Mum says kids need to lose ‘sense of entitlement’
CALLIOPE mother of three Elizabeth Orr believe kids and teenagers nowadays are becoming too entitled and have lost their sense of compassion. It's why she and her family are becoming 'World Changers'.
It's a little group so far, just her and her husband Stu, and their her kids Josiah, 11, Elisha, 8, Lilah-Rose, 5, but they're raising big money for charities. And, at the same time, learning a valuable lesson.
Mrs Orr says the only way for kids to start 'seeing outside their own needs' and become involved with the community, is to have them actively involved in giving back at a young age.
Next on the calendar for this Christian family is to ride the last 30km of the Tour de Chaplain ride on July 23, finishing in Yarwun, raising funds for a charity that looks after children in need.
They're hoping Gladstone residents can get on board with the cause.
"The biggest issues that confront our kids nowadays is this high achieving society, we are pushing our kids too hard and we have started to lose the point," Mrs Orr said.
"We don't want our kids to have an empty meaningless life, get a job, make money and then just die.
"We want our kids to step it up in life, do something that will make a difference in the world."
Mrs Orr said it was easy enough to 'just hand over money' to a charity, and believes the only time you are really giving is if that gift is going to hurt.
"Whether it hurts your wallet financially if you're handing over quite a large sum of money, or physically if you're doing something like a bike ride to raise money; it only counts if it hurts," she said.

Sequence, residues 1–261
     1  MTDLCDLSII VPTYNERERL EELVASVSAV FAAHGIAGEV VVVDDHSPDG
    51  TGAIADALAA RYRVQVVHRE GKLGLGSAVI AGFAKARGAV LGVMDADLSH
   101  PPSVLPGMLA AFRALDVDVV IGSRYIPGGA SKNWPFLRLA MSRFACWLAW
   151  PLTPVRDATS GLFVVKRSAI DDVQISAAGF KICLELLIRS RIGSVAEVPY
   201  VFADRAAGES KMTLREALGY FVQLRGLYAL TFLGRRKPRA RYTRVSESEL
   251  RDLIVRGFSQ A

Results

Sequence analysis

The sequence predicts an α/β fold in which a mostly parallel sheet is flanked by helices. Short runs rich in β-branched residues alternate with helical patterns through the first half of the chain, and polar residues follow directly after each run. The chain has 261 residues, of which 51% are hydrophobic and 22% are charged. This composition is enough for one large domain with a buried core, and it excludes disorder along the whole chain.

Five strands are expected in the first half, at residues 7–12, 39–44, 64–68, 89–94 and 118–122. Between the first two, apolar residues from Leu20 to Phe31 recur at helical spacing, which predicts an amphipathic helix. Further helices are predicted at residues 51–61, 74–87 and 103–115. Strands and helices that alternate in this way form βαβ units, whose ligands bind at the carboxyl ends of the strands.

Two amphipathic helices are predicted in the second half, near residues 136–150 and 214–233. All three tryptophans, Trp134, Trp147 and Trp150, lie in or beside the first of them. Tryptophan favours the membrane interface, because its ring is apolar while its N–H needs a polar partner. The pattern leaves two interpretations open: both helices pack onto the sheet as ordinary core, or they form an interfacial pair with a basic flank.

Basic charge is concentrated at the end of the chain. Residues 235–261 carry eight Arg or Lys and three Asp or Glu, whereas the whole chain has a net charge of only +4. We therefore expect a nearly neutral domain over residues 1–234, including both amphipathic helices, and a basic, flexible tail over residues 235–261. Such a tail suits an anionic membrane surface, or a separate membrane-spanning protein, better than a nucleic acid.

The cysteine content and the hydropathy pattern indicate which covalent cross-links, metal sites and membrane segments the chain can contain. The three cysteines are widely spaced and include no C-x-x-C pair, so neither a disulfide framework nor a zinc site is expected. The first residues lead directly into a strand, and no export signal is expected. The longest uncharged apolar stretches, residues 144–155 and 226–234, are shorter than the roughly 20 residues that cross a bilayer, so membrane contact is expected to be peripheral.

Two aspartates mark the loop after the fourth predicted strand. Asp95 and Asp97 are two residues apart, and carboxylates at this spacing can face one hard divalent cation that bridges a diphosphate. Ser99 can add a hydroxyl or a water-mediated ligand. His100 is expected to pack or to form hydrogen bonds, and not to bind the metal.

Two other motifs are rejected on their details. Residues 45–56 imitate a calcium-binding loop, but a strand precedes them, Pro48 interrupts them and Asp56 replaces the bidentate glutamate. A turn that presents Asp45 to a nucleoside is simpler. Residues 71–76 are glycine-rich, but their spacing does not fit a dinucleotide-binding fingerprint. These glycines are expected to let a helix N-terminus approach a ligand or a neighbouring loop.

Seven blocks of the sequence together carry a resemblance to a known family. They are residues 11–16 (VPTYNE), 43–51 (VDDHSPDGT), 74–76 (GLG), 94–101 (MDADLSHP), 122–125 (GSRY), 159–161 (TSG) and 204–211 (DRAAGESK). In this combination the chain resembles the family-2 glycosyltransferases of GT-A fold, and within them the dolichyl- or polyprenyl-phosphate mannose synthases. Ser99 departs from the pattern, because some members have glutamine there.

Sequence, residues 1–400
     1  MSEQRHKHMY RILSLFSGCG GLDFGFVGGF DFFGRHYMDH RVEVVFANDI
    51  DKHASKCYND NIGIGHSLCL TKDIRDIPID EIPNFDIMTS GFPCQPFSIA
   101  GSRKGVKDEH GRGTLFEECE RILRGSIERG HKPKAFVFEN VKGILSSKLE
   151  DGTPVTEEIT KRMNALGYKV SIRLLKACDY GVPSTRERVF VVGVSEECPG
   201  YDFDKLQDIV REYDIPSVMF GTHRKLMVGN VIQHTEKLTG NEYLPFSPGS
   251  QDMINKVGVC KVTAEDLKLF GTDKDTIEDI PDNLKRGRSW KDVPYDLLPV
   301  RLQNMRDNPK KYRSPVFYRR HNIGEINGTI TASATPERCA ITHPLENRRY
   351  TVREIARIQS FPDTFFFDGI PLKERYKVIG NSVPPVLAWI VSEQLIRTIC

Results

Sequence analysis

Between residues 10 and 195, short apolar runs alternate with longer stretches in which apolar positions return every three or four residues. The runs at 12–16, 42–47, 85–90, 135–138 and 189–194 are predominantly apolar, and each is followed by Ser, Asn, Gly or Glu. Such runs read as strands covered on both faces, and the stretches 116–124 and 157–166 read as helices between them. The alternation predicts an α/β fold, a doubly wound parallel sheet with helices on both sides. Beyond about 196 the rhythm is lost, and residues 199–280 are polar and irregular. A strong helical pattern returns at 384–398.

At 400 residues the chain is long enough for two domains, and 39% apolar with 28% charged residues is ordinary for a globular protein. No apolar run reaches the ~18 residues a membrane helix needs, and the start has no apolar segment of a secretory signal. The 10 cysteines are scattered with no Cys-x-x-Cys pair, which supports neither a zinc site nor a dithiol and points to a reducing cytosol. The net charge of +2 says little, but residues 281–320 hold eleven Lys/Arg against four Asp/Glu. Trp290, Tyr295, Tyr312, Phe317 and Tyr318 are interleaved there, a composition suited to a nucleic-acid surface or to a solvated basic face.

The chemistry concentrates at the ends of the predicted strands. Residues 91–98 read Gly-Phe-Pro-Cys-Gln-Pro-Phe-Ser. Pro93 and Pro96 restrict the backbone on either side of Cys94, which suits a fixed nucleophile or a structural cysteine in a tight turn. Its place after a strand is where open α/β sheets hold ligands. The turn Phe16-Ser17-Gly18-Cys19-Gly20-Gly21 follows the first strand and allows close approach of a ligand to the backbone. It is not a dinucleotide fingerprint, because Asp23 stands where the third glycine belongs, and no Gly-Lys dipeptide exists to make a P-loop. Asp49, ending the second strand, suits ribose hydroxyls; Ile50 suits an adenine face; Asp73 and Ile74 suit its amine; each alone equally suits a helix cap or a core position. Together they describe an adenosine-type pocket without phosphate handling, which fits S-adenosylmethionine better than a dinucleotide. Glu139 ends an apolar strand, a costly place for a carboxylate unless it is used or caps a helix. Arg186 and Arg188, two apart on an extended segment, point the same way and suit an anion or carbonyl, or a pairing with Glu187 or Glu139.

"Right now, just raising money and handing it over to a charity means nothing to my kids, they aren't paying, my husband and I are, and the lesson really isn't being learnt," she said.
"But a 30km bike ride hurts, it's something they can feel and a real goal they have to achieve, and at the end of it they will have given something valuable back."
Mrs Orr said its important for kids at a young age to see just how privileged they are. "We constantly are saying to our kids, 'Do you have a roof over your head, do you have warm clothes, are you eating regular meals?' to get that message across," she said.
"Honestly, this generation of kids that we are breeding are lacking emotional intelligence and have this sense of needing instant gratification. They are strong words to use, but as you look around, it is there."
Be a world changer
Mrs Orr hopes to one day see kids across Gladstone wearing the World Changers shirts too.
"Wouldn't that be amazing?" she said.
"To see that many kids in society wanting to make a real difference, it would just be a dream of mine."
The business owner, wife and mother knows it can be hard to make time to fundraise and train, but says she and her family make it a priority.
"You make time for it just like you would with anything important, and it brings us together as a family," she said.
"The other week when we were getting torrential rain, my family were out riding in that (training for the bike ride), it was quite amazing actually to see that dedication when we couldn't even see a metre in front of us."
"Don't get me wrong, Gladstone does a lot of fundraising and it's good to see kids involved when they are; but we need to see more of it; which is what I'm hoping World Changers can achieve."
Mrs Orr said while she is starting small in her own backyard with her own family, she would love to see residents get on board with World Changers by donating or even joining.
"People can either donate at the tin at my workplace, at Physiotherapy and Acupuncture on 35 Toolooa St or directly into the account we have set up."
How to donate:
Account Name: Elizabeth Orr.
Account no: 526268175.